Sašo Sedlaček explores social phenomena that are part of our everyday life. His attention is focused particularly on those topics that we usually push aside, for they represent the “impure” side of the otherwise bright reality.
Poverty and waste are certainly the key terms of his opus. These two topics, according to Sedlaček, are of key significance for our future. In a series of projects developed over the past ten years, he has shown various innovative and alternative modes of functioning (especially the practice of recycling) and he has emphasised the responsibility that should accompany our interfering with the environment and our making decisions regarding social issues.
The video project The Big Switch Off is part of this series; it will be publicly launched on Monday, 25 July 2011, at the Aksioma Project Space in Ljubljana, and in Autumn, as part of the retrospective exhibition of Sašo Sedlaček’s work, at the Gallery of Fine Arts Slovenj Gradec and at the Rotovž Exhibition Salon at the Maribor Art Gallery.
The project deals with the question of what is waste and what is litter. What we consider safe waste, which we recycle, will become litter proper in the Third World, where it will probably end up. In the “Essay on Litter: Wiki-Garbage Management” in Dnevnik’s Objektiv, Luka Omladič says that litter consists of those things that annoy us, the things that should not be where they are. Like an alien, they stand out from their surroundings and they make it disgustingly clear that someone has tossed them away and that they will remain there for a long time. Yet, not all litter is waste, Omladič says, at least not in the sense that would deeply annoy us. And cast-off television sets simply do not annoy us. In fact, it is precisely the migration of waste that constitutes major hidden pollution, and this often happens far away from the developed countries that produce waste. It is there, far away from the developed countries, that waste becomes litter. There, their characteristics become unpleasant again and stand out from the surroundings.
Sedlaček makes visible the relation between waste and litter. Using the old analogue technology, which has been increasingly displaced by the new digital technology, he produces litter here and now. Instead of “safely” recycling televisual technology, which is becoming obsolete due to the new technological paradigm, the introduction of digital signal and, consequently, the mass replacement of analogue television sets with LCDs and plasma TVs, let’s rather publicly break it into pieces. Let’s do what we are going to do anyway, one way or another, sooner or later – let’s do it together and publicly.
Due to the introduction of digital signal in 2011, which has replaced the analogue signal, the West has witnessed mass destruction of old technology. Cathode television sets, TVs without digital converters, VHS and DVD players are a thing of the past, for they do not support new technology. Sooner or later, we will all be forced to replace the old with the new. Already now, the sellers of contemporary electronics keep offering us replacements of this kind. Yet, the story of old technology is not over when we replace old devices with new ones. And it does not end at the electronics dumping ground either. In fact, this is where their journey only begins. Old electronics is being exported into Third World countries, however, this is already an entirely different story…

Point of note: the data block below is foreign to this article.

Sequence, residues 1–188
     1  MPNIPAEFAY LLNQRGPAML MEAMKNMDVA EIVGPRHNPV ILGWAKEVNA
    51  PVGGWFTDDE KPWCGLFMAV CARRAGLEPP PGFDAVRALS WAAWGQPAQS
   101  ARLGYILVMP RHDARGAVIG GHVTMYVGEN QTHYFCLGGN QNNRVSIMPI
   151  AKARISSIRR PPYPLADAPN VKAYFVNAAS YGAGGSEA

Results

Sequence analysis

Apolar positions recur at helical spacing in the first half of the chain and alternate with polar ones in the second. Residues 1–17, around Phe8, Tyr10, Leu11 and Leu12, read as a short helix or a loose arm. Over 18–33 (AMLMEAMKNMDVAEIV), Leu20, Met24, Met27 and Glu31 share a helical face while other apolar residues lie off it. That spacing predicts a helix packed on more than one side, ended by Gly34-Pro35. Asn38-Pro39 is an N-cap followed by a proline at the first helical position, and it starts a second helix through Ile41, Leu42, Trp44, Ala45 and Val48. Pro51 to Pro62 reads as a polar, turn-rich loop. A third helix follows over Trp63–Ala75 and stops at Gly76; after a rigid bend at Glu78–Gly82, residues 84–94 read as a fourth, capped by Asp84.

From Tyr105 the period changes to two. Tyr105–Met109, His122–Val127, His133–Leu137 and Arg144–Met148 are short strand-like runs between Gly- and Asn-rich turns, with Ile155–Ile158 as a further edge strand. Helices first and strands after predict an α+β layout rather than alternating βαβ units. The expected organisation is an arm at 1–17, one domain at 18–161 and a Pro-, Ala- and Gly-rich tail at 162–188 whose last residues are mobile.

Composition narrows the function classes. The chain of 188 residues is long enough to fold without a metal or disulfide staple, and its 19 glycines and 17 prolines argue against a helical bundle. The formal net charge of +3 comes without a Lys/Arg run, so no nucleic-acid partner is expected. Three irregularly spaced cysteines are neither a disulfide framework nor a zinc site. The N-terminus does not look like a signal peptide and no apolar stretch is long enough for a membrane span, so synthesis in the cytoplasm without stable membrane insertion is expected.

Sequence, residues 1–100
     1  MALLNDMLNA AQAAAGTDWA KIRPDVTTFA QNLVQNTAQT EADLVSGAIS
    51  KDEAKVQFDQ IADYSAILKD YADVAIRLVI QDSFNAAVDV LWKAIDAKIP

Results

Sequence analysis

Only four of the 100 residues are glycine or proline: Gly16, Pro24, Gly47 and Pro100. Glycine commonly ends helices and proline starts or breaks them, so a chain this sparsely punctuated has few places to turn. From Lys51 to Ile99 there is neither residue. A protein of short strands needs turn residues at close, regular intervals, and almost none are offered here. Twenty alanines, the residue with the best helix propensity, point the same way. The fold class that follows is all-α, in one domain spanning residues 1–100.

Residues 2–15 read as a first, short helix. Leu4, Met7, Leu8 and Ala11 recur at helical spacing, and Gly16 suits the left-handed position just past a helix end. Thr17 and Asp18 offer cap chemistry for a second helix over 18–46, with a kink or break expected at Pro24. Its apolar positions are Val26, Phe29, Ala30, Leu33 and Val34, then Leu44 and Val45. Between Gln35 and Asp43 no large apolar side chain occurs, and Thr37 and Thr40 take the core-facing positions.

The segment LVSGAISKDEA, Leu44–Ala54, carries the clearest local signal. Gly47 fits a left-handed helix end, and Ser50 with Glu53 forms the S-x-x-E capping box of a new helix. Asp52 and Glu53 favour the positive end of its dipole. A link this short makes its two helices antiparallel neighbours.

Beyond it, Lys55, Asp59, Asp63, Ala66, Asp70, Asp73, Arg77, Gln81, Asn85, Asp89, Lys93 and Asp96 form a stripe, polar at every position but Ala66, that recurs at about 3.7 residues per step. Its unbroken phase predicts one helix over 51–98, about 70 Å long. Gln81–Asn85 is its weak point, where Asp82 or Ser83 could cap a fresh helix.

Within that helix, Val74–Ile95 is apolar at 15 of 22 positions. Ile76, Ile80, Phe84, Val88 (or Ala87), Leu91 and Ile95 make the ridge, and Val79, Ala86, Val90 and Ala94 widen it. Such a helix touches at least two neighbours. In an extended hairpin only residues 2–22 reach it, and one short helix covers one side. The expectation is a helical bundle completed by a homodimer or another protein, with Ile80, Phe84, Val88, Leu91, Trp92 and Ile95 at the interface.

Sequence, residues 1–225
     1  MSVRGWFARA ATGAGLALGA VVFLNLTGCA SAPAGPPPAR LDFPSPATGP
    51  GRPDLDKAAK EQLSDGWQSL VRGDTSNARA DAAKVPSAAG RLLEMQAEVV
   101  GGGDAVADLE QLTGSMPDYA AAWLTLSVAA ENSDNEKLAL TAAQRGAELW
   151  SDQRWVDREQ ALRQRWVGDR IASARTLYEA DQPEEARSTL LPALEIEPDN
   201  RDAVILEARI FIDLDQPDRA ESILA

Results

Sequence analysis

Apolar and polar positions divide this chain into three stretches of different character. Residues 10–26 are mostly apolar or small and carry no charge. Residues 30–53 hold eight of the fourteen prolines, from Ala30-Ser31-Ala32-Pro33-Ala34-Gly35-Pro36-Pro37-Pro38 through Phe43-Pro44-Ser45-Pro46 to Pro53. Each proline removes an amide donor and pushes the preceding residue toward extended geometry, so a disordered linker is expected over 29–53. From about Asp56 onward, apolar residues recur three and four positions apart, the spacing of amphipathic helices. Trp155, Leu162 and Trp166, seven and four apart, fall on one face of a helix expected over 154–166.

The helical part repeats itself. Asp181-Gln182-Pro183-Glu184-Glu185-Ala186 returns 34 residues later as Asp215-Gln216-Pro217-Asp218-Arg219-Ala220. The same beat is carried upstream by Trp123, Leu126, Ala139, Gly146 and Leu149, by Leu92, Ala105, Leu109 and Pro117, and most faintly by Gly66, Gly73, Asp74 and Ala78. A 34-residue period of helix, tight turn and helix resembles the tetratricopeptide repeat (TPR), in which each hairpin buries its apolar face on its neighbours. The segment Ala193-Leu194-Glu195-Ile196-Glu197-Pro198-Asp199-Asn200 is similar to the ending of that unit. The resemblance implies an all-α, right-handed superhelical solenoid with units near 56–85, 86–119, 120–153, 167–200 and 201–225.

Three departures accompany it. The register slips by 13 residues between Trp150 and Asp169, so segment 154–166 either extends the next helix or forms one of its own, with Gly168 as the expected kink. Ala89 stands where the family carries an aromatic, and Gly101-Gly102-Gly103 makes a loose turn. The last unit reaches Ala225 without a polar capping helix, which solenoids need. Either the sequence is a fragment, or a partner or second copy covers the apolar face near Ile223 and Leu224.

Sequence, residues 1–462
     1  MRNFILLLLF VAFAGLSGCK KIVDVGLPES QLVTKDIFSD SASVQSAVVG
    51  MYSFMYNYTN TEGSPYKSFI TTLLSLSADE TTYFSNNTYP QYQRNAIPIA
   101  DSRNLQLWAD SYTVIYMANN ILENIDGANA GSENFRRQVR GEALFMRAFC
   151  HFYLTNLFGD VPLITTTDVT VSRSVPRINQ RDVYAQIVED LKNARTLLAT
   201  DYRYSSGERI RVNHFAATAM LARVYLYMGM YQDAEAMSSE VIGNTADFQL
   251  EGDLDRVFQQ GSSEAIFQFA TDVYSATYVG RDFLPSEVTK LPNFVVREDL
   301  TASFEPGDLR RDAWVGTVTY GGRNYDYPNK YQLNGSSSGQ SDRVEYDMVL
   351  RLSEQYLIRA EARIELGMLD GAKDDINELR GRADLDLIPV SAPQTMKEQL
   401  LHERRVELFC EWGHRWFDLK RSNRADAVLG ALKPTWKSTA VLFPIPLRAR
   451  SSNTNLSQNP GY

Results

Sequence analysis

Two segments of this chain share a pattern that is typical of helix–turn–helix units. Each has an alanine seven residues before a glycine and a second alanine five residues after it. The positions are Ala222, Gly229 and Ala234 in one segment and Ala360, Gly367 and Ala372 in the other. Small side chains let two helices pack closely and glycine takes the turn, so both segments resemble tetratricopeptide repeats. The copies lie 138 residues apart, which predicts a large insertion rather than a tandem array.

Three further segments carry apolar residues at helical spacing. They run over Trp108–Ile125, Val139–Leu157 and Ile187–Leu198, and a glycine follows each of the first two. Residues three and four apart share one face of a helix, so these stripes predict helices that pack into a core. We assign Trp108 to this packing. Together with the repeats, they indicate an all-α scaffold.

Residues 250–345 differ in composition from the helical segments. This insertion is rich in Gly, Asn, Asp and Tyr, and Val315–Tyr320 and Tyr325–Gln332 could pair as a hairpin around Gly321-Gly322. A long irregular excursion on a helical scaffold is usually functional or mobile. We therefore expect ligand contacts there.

Sašo Sedlaček is, no doubt, one of the key authors of contemporary art in Slovenia. He has received several awards (OHO, Vida 11, Spaport, Zogo Toy, etc.); he has been artist in residence three times (in Germany, Japan and the United States); he has had exhibitions in Slovenia, Japan, Taiwan, USA, Austria, France, Belgium, Italy, Serbia, Russia, Estonia, etc. – including established exhibition venues such as the Secession in Vienna and the Lentos Museum in Linz – and he has participated in large international biennials (Taipei, Taiwan 2008 and Ogaki, Japan 2006) and festivals.
In Slovenia, he has recently problematised the sell-out of frequency space (Manifest, 2009, and Infocalypse Now!, 2007) and he is particularly recognisable for his interventions into consumer Meccas. Using bricks made of printed propaganda materials, he closed the entrances to department stores in Ljubljana (Just Do It!, 2003) and built a pavilion for eavesdropping and dwelling in BTC City (Loop, 2004); in 2006, he took Beggar – a robot for the materially deprived, which he lent to the homeless people of Ljubljana the following year – for a walk around Citypark and the streets of Tokyo and Taipei; etc.